Pfeiffer is well aware of the widespread criticism that his communications shop did a lousy job of pitching Obama’s accomplishments during his first term, but he argued that the Recovery Act was tough to hawk as the country hemorrhaged jobs and that health-care reform “has bedeviled every president and political operative who has tried to sell it.” His new role requires him to come out front and do the selling.
Many of the reporters who have received mocking 4 a.m. nastygrams and abrasive phone calls from Pfeiffer over the years relished his May debut on all five Sunday morning talk shows. It was not a command performance. His clenched jaw and clumsy construction that “the law is irrelevant” in the IRS scandal is now featured in a reelection ad for the administration’s arch nemesis, Senate Minority Leader Mitch McConnell (R-Ky.).
Perhaps chastened, the new-media obsessive and Twitter theorist allowed that Washington’s old guard “can be very relevant.”
Pfeiffer is considerably more comfortable advising Obama behind the scenes. Plouffe called him the “gut-check person” who could tell the president “how it is going to play.” White House Chief of Staff Denis McDonough said that after a background-check
provision for gun purchases died in the Senate, Pfeiffer urged the president to show his disgust with the system, which Obama then did in a Rose Garden speech. McDonough said that Pfeiffer understood, months before members of the national security team, that the president’s reliance on drones could blemish his legacy. Pfeiffer advocated for a speech, which Obama delivered late last month, in which the president would clearly articulate the framework of presidential powers within which the drones were employed. And Jennifer Palmieri, Pfeiffer’s successor as communications director, said he stepped up for the party’s base by fighting for a lower threshold for tax increases in the “fiscal cliff” negotiations.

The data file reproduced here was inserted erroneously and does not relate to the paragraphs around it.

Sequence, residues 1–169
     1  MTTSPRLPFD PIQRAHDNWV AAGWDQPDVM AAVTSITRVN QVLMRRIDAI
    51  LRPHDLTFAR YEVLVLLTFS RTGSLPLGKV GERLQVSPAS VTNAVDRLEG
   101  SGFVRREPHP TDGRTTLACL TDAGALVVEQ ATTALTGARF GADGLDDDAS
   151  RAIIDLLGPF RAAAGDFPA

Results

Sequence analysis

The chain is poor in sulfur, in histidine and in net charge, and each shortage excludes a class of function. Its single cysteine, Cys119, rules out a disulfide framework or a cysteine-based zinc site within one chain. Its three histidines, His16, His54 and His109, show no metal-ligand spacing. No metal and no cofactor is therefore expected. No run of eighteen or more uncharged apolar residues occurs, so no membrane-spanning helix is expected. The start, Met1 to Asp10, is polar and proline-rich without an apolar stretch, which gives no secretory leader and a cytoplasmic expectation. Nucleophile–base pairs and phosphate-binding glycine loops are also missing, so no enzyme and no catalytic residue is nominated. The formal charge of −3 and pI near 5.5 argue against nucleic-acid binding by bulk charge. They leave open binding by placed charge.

Pfeiffer said his communications experience has made him more mindful above all of projecting the president’s strength. The 2011 debt-ceiling negotiations, he said, showed him the importance of Obama not being perceived as weak or taking the base for granted.
“The greatest danger zone a president can be in is when he is being attacked on the left and the right,” Pfeiffer said, recalling the negative reaction to the debt deal. “When they are reading off the same talking points, that’s when presidencies fall apart.”
That is, of course, precisely the situation Obama is in again, as civil liberties advocates on both ends of the political spectrum criticize his aggressive surveillance programs. Some people who have worked with Pfeiffer questioned whether he is up to the task, describing him as more a daily planner than a long-term strategist. Others with knowledge of the administration’s inner workings find the characterization of Pfeiffer as the base’s champion in the budget deliberations exaggerated and said he played no role in frequent White House discussions on gun policy strategy.